Over the years I have seen the image of the amulet called the Knot of Isis but in all honesty, never paid it much attention. I am on the organizing committee for our annual Goddess Festival here in Austin this year and we have chosen Isis as our Goddess to honor. The intent is to reclaim the Sacred Name of Isis and celebrate Her power, especially for women.
I was supposed to go to Brazil this summer to speak. One thing that was to have happened on my trip was to be my ordination as a Priestess in the Fellowship of Isis. However, because I became very ill and was hospitalized, I had to cancel my trip. In preparation for this ordination, I created an altar for Her and began to get to know Her. I have always had special affinity for Hathor and Sekhmet or as I call them together, HetHeru. And so, began my relationship with Isis.
The Egyptian Book of the Dead describes Isis as, ” She who gives birth to heaven and earth, knows the orphan, knows the widow, seeks justice for the poor, and shelter for the weak.” She gets Her name, Isis, from the Greeks, but to the Egyptians, She is known as Aset or Iset, meaning Queen of the Throne. Her earliest headdress was that of an empty throne, representing the concept of Her as Throne-Mother, the mother of the king.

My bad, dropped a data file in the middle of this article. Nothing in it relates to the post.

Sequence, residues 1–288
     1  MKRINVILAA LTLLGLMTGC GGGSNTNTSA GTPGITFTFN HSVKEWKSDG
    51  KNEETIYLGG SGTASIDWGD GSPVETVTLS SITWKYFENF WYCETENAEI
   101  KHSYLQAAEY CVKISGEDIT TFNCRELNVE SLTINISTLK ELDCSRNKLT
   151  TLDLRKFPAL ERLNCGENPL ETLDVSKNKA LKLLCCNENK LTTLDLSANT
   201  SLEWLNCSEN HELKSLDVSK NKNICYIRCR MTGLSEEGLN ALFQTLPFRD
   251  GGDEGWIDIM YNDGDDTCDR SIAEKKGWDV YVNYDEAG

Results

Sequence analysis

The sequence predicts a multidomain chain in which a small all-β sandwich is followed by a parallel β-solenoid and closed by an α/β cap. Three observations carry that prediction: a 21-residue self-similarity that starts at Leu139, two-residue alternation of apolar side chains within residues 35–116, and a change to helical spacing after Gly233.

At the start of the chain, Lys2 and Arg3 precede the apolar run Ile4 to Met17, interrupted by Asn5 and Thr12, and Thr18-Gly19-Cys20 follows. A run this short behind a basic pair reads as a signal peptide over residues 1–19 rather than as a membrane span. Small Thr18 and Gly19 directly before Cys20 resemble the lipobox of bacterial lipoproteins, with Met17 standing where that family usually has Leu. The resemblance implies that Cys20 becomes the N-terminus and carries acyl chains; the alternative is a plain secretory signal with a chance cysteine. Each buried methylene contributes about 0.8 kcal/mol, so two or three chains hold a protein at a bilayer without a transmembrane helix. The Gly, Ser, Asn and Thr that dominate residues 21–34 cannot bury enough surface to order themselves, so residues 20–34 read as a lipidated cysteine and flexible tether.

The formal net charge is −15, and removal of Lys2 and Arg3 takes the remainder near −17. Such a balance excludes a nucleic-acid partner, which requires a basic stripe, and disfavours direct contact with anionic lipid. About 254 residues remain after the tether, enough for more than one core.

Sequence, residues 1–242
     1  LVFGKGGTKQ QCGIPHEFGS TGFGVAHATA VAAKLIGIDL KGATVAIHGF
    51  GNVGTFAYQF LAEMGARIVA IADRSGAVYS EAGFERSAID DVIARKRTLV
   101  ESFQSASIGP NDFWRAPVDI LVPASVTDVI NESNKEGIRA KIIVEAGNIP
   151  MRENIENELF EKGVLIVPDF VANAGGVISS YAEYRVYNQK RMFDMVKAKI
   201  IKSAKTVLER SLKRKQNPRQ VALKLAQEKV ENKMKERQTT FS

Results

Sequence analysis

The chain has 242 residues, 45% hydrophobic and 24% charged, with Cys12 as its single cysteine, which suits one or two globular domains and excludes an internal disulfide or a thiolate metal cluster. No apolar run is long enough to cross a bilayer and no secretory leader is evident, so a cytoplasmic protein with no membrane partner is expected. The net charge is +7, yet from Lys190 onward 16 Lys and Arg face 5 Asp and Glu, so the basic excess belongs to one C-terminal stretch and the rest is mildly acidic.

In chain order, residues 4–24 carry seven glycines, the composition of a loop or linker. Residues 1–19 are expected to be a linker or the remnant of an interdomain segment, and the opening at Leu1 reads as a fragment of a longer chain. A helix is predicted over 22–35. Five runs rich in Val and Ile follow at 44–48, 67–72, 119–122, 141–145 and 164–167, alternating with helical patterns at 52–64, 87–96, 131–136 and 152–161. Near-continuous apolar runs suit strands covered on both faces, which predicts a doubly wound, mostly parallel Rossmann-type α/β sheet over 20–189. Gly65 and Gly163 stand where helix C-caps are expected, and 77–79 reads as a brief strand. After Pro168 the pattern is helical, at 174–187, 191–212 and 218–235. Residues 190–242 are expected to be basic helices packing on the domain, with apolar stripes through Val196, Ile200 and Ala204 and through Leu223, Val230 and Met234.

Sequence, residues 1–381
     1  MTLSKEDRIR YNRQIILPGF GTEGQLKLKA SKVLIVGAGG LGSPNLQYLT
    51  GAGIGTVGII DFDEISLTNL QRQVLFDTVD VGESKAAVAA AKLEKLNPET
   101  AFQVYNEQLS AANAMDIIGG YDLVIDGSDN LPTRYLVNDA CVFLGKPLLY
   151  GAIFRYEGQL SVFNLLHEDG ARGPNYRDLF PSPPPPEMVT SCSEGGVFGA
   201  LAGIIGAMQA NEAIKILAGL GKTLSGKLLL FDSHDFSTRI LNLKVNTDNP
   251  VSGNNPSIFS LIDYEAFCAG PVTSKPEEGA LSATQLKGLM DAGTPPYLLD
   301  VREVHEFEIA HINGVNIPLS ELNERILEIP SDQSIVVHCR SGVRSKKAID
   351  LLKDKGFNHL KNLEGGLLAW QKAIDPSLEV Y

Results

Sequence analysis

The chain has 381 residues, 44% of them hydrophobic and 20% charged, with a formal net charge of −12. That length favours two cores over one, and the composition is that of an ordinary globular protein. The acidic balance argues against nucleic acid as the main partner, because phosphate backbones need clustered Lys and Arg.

The myths of Isis represent the attributes of womanhood: intuition, love, psychic ability, great magical power, compassion and nurturing.
Isis embodied a wide spectrum of qualities: the healing arts, magic, relationships and sexuality, a bridge between the worlds, fertility and much more. She holds in her power the Breath of Life. The message here is that we too have the power within us, a power to save and to heal our world.
In doing my research I came across many mentions of the Knot of Isis. When I read that the Knot of Isis was also called the Blood of Isis the magic set in! Many of you are very familiar with what happens when suddenly something triggers you and it becomes an unrelenting compulsion to know more!
So I have read every site I can find on the Internet. I have pulled out my copy of Isis Magic by M. Isidora Forrest. I bought The Mysteries of Isis by DeTracy Regula as well as Awakening Osiris by Normandi Ellis. See? Consumed!
There are many guesses as to the meaning of Her Knot. It is often called the Tjet, or simply the Tet. We do know it was used extensively in funerary rites as a protection for the dead. It signified protection both above and below. It also represented resurrection for those protected by it. It was meant to also help those who died to be with their gods after death.
“At the ends of the universe is a blood-red cord that ties life to death, man to woman, will to destiny. Let the knot of that red sash, which cradles the hips of the Goddess, bind in me the ends of life and dream … I am the knot where two worlds meet. Red magic courses through me like the blood of Isis, magic of magic, spirit of spirit. I am proof of the power of the gods. I am water and dust walking.” The Knot of Isis from Awakening Osiris by Normandi Ellis